A City of Ballarat decision to reject a planning application for the redevelopment of a block of single storey flats in Errard Street South has been upheld by the Victorian Civil and Administrative Tribunal (VCAT).
The application for the redevelopment of five existing dwellings into a two-storey building, the construction of a sixth dwelling and a reduction in car-parking spaces was originally lodged in October 2019, and was rejected by council in April 2020.
Council rejected the application, saying 'the proposal does not respect the neighbourhood character of the area or the heritage streetscape', and a 'continuous double storey built form will have a dominating impact on the streetscape.'
The proposal does not respect the neighbourhood character of the area or the heritage streetscape... a continuous double-storey built form will have a dominating impact on the streetscape- City of Ballarat
The applicant for the development, Scott Charles, took the matter to VCAT in March 2021. He sought expert evidence from heritage consultants Bryce Raworth, who submitted 'the proposal will sit comfortably within the streetscape and will not give rise to any adverse heritage impacts for the South Ballarat Heritage Overlay Precinct.'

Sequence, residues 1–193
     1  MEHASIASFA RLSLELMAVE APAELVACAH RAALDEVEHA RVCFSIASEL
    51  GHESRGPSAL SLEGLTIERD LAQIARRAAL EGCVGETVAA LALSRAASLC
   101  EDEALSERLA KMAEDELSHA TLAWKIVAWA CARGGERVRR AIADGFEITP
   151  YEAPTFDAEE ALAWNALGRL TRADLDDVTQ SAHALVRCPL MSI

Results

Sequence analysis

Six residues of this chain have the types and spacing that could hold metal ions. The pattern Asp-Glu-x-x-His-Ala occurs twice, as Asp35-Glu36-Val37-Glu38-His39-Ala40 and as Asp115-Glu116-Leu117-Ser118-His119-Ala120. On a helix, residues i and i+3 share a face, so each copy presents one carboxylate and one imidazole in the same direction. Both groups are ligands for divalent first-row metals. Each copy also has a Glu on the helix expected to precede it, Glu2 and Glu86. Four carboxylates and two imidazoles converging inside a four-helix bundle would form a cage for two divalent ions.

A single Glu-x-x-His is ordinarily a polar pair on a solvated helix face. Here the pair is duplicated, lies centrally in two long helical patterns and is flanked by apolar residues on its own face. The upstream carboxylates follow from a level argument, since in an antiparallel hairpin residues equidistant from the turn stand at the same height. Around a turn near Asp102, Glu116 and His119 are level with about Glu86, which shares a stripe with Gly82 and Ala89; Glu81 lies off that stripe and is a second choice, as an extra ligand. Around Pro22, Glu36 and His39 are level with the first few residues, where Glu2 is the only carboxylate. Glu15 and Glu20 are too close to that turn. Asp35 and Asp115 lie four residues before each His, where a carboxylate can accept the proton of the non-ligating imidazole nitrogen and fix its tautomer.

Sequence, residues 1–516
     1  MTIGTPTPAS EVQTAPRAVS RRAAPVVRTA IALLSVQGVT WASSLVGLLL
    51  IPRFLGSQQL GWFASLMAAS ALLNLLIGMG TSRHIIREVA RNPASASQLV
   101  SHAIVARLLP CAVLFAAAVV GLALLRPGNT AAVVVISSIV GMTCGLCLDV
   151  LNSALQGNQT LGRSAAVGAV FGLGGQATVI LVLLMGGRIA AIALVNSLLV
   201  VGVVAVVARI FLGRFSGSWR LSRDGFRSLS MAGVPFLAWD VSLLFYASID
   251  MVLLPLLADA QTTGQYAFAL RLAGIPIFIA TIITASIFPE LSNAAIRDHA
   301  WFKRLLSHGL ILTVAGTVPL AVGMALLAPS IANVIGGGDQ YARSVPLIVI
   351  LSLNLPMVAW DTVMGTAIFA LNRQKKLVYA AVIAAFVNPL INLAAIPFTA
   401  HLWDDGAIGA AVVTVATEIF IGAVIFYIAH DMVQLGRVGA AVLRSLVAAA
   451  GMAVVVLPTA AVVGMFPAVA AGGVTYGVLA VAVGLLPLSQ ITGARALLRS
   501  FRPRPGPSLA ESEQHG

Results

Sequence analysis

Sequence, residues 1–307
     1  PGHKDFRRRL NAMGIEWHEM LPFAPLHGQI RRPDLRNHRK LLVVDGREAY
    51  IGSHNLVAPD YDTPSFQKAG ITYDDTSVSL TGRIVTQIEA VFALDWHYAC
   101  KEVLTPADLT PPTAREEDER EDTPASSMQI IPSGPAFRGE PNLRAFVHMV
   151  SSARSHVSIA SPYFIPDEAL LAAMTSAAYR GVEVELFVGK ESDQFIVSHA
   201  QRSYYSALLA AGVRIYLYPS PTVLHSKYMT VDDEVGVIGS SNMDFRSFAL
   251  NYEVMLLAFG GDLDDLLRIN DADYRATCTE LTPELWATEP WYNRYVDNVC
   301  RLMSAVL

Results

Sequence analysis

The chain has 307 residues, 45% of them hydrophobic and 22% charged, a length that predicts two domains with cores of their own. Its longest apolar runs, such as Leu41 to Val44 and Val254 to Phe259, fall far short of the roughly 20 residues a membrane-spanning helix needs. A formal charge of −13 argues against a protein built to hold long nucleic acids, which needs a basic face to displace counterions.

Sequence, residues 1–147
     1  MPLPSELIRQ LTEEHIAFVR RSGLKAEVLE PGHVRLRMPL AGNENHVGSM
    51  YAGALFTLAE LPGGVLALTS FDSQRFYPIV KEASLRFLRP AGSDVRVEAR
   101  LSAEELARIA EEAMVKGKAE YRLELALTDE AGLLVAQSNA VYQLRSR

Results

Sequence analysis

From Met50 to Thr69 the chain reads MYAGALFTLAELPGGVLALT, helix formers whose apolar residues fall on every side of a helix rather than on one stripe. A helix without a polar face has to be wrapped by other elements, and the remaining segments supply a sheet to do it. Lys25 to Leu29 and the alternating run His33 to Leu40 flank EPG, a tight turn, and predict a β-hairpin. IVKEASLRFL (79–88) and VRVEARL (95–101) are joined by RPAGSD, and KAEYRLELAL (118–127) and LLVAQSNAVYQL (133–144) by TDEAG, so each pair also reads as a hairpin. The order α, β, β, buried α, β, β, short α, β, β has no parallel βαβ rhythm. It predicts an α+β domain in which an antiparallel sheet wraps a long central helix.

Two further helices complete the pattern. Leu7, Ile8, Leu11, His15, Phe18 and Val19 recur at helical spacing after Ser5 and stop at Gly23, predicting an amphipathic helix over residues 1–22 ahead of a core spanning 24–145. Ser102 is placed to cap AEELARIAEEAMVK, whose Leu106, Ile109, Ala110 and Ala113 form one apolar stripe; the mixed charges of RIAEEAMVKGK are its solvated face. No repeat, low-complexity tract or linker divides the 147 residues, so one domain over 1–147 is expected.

However VCAT member Karina Shpigel found the proposal to be unacceptable. After a conducting a (COVID-delayed) inspection of the site, Ms Shpigel said the 'bulk and scale' of the project was "an unsatisfactory response to the neighbourhood character of the area, which is informed by the finer grain historic dwellings that surround the subject land and that line Errard Street."
"I consider the attached nature of the entire building and the prominence of the upper level is not in keeping with the modest detached dwellings that adjoin and surround the subject land," Ms Shpigel said in her decision.
Ms Shpigel acknowledged the planned changes would 'improve and modernise the presentation of the existing dwellings, which were variously described as unsightly and a "blight" on the streetscape', but said ultimately the size of the redevelopment would preclude it allowing making meaningful landscaping and would be an unacceptable response to the existing neighbourhood character of the area.
The Courier attempted to contact Bryce Raworth heritage consultants for a comment on the decision.
If you are seeing this message you are a loyal digital subscriber to The Courier, as we made this story available only to subscribers. Thank you very much for your support and allowing us to continue telling Ballarat's story. We appreciate your support of journalism in our great city.
Sign up for our newsletter to stay up to date.